“ALERT: “Criminal-Seeking-Hacker” Requests Network Breach for Insider Trading Operation” – read the title of a recent FBI alert sent to law firms. The mastermind at the root of this notice allegedly sought a hacker on an online forum to help him break into several large law firms. The attacker’s intent, apparently, was to gain access to privileged information and then utilize it in an insider trading scheme.
This is just one example of the rapidly increasing number of cyber attacks on law firms, which are often ill prepared to defend themselves against malicious hackers and data breaches.
Most people have by now seen the many news reports of recent high-profile cyber attacks, including those at organizations such as JP Morgan, Target, Home Depot, Sony, and the Office of Personnel Management (OPM). Unfortunately, this intense media coverage often lulls smaller and lower-profile organizations into thinking they are not a target. That isn’t the case though, especially for law firms. An estimated 80 major law firms were hacked in 2011, and according to the 2015 American Bar Association Legal Technology Survey Report, 25 percent of firms with 100 attorneys or more fell victim to an attack in the preceding year. Firms filing international claims must be particularly cautious, given the attack on the Gipson, Hoffman & Pancione firm. That firm filed a claim alleging the Chinese government was stealing software from the firm’s client, and subsequently the firm fended off an attack that originated from Chinese servers.
Law firms do not even need to be specific targets to feel the effects of a breach. Oftentimes, a “breach” can occur through inadvertence or accident. Take, for instance, the accidental disclosure of sensitive information in the recent Apple v. Samsung litigation, the failed hard-drive wipe in Kyko Global, the botched discovery response in Victor Stanley, or the ever present risk of the “lost laptop” problem. All of these examples demonstrate that is it not only the malicious hacker that law firms need to protect their sensitive data from. The FBI’s recent alert and countless other media reports of cyber attacks on law firms underscore the importance of cybersecurity.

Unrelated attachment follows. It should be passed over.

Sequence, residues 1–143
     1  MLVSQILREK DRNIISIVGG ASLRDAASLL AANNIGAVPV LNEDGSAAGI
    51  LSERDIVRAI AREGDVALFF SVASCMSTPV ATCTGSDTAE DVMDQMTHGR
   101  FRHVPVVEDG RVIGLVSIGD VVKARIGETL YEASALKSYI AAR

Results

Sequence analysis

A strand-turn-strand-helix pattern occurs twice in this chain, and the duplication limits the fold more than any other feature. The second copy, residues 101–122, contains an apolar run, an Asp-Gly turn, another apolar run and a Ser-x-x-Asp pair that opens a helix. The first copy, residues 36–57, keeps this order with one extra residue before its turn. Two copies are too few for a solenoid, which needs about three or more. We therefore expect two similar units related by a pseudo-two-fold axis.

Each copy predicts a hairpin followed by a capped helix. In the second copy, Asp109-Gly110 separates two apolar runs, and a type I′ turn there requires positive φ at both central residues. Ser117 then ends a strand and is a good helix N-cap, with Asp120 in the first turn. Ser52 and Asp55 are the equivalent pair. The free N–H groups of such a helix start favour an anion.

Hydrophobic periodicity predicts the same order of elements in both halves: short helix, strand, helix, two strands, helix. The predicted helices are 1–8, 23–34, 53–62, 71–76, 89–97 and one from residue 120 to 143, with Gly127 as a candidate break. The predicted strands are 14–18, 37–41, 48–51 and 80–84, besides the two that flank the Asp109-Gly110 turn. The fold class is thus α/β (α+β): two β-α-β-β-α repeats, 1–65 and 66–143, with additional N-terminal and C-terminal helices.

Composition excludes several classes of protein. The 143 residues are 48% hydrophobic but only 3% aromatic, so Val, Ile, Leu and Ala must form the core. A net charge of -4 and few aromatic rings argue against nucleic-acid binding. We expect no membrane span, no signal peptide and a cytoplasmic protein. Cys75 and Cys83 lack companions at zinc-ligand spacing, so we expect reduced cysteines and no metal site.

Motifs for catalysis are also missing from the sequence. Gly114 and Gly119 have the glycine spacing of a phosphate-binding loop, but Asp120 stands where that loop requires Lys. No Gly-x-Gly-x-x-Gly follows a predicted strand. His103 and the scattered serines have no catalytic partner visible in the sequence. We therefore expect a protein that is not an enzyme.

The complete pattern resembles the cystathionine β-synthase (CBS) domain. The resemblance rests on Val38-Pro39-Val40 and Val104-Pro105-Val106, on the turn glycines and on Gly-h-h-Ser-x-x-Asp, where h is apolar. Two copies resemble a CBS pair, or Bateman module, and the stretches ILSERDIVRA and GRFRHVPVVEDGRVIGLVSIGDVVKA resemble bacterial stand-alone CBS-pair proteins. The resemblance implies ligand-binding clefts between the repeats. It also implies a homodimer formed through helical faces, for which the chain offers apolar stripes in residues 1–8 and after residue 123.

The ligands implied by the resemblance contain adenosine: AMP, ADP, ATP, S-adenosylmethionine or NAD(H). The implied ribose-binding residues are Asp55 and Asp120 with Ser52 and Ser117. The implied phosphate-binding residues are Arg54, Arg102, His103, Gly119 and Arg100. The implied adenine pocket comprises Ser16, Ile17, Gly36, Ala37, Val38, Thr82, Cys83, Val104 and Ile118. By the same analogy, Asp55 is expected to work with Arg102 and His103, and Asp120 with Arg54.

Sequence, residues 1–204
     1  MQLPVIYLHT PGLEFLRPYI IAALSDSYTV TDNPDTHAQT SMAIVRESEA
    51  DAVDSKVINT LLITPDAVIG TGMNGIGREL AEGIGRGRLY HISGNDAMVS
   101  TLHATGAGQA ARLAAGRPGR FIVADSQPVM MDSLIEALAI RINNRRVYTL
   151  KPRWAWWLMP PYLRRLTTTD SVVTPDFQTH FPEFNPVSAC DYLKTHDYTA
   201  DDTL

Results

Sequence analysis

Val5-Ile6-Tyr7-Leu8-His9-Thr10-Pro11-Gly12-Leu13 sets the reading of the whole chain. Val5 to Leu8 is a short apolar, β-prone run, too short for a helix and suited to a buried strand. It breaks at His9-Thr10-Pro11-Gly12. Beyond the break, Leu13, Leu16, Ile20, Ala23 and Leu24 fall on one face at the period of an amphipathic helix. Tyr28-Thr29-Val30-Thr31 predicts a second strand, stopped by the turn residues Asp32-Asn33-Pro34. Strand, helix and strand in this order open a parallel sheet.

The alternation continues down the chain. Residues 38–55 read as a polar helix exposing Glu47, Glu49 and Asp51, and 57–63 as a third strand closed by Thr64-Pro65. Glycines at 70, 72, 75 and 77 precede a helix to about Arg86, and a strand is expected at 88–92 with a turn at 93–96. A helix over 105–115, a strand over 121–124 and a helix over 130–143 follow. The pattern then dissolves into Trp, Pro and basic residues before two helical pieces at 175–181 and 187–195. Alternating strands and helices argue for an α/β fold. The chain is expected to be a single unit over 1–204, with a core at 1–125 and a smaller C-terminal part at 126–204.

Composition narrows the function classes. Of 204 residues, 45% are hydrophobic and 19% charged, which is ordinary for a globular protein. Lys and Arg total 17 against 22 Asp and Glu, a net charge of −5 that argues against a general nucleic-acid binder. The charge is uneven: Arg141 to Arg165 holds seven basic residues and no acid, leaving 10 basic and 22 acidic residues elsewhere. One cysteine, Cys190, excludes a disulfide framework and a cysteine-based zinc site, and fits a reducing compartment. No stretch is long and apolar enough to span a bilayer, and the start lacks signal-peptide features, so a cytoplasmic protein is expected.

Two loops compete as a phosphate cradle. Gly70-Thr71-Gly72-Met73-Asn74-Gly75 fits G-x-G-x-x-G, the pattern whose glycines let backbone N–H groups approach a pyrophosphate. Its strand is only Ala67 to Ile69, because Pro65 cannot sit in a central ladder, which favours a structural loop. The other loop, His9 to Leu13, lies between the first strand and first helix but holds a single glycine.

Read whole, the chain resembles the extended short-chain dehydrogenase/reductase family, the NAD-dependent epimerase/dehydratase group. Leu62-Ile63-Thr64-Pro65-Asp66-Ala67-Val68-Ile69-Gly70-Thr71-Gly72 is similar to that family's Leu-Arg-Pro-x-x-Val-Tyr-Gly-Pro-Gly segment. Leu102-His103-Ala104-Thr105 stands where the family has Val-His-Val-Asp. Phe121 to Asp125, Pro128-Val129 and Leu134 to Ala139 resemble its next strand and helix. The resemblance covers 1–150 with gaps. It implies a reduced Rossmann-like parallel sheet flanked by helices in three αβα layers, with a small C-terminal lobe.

Since Delta Risk is focused on protecting corporate clients, like law firms, from malicious attacks and ensuring their data security, our VP of Commercial Services, Joseph Abrenio, was invited to speak at the International Legal Technology Association’s LegalSEC (Legal Security) summit in June. Abrenio will be presenting as part of the Red Team Desktop Exercise–Live session.
As Abrenio puts it, “Confidentiality is the bedrock of the lawyer-client relationship. If that trust is broken [through a theft of electronic information], those clients as well as others may never be able to trust that law firm again.” Abrenio joined Delta Risk as general counsel after serving as the head of LeClairRyan’s Data Privacy and Security practice, and he utilizes his expertise in security and privacy to advise clients on their cyber management needs. His presentation at LegalSEC will highlight the types of threats law firms face and also methods to prevent and resolve those issues.
In preparation for the conference, and because of the rapid growth of cyber risks to law firms, Abrenio and his associate, Nicholas Dwyer, have published a new white paper on this topic. Dwyer is a second year law student from Syracuse University College of Law, and is an up and coming cyber and legal expert externing at Delta Risk, providingresearch and writing support.
The white paper covers several cyber related areas relevant to law firms. It starts by canvasing several recent data security incidents pertinent to the legal field. The paper then discusses various legal and ethical responsibilities of lawyers. Both inadvertent disclosures and malicious cyber attacks raise issues of legal liability and ethical obligations for lawyers and their firms. Generally, a law firm is held to a reasonable standard of care, that is, the firm must take reasonable steps to protect confidential client information.
Several cases have explored what precautions are required and appropriate. Individual lawyers have a similar responsibility regarding their ethical obligations. Recently, the ABA updated several of the Model Rules of Professional Conduct to reflect the change to a more digital legal marketplace. Many states have adopted the new cyber related rules, and now require lawyers to take particular steps regarding client information. Finally, the white paper includes several suggestions for firms to implement to improve their security. You can download the complete whitepaper here.
In addition to security and regulatory compliance consulting, Delta Risk offers a variety of services to give you the peace of mind that your sensitive and confidential information is protected. Delta Risk’s Managed Security Services include network monitoring and alerts for material, relevant threats. If your law firm or company is facing cybersecurity challenges, please contact us for help.